As our economy is increasingly 24:7 more people are working night shifts, often in the gig economy, and these important workers are often forgotten when it comes to measures to support peoples wellbeing. While they keep the economy running, these workers also experience very limited access to infrastructures offered by the cities.
The Guardian reports that the gig economy has left many workers without easy access to staff rooms, toilets, and opportunities to meet each other. Many fast-food delivery drivers congregate on city streets near busy pick-up zones in between shifts and for breaks, where they can be exposed to poor weather and aggressive passersby. Some are ordered to wait hundreds of metres away from restaurants until the order is ready.
In order to better support these workers, Think Tank Automony is calling for ‘nocturnal commons’ to be set up which will provide space and services specifically for night-time workers. According to the report, 1 in 9 people in the UK work at night – the highest proportion of the workforce since ONS records began in 2005. Autonomy proposes that the ‘nocturnal commons’ could be funded by a collaboration of employers together with local authorities.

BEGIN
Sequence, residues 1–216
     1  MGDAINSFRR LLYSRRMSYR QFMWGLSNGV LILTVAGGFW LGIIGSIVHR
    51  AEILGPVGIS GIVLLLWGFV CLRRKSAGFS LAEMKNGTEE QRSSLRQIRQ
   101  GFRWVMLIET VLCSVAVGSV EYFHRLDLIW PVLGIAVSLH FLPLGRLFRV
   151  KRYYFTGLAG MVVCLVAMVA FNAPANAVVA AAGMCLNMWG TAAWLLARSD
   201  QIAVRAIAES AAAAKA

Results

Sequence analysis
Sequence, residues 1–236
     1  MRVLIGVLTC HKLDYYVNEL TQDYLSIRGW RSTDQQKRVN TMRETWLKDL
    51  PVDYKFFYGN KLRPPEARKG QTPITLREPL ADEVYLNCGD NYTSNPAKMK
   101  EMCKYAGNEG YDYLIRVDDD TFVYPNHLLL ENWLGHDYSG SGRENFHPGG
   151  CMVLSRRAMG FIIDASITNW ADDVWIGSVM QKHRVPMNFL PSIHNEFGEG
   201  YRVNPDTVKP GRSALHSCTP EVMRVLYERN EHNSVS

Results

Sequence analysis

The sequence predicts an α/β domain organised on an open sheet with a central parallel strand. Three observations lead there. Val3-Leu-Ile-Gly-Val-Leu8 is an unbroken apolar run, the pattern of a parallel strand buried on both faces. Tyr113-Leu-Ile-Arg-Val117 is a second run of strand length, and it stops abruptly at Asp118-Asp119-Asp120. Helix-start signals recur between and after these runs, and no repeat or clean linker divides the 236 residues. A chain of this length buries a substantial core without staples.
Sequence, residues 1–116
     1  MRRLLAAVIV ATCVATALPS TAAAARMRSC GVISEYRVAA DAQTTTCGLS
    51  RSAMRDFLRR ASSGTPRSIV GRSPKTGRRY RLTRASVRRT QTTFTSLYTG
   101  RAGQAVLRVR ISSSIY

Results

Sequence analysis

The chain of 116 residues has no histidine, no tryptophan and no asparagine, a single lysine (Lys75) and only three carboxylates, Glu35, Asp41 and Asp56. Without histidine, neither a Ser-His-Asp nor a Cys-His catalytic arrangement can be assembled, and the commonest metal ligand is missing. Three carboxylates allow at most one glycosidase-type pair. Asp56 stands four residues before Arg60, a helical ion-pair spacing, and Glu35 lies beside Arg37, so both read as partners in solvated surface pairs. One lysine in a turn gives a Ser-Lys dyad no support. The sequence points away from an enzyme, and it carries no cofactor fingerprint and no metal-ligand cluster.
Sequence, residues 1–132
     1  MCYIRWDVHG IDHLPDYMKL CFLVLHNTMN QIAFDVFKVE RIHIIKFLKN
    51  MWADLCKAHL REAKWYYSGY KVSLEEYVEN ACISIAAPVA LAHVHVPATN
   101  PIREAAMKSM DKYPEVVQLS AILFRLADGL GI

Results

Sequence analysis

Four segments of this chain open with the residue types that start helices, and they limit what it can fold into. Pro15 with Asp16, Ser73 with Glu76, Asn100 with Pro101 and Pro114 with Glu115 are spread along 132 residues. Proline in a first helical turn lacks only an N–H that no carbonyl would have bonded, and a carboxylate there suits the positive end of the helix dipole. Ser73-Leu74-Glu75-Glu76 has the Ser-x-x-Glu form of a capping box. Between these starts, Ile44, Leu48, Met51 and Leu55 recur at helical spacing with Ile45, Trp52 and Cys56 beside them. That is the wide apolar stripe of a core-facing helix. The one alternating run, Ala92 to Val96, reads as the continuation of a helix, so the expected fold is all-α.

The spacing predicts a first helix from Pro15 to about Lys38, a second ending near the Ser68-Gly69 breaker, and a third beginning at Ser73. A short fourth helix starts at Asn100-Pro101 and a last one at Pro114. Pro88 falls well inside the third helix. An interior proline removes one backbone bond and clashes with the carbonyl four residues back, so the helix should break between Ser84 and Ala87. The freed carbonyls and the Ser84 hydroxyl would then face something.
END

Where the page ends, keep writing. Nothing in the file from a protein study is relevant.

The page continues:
In addition to gig workers, the report identifies 1.2m people doing shift work in warehouse, retail, transport and storage industries, plus over 406k migrant domestic care workers as key elements of the night time economy. A large number of these workers are not permanent employees, and here at IWORK we support any initiative that improves outcomes for this important workforce. Whether or not you agree with the specific proposals, it is inarguable that night-workers are often overlooked but they certainly shouldn’t be.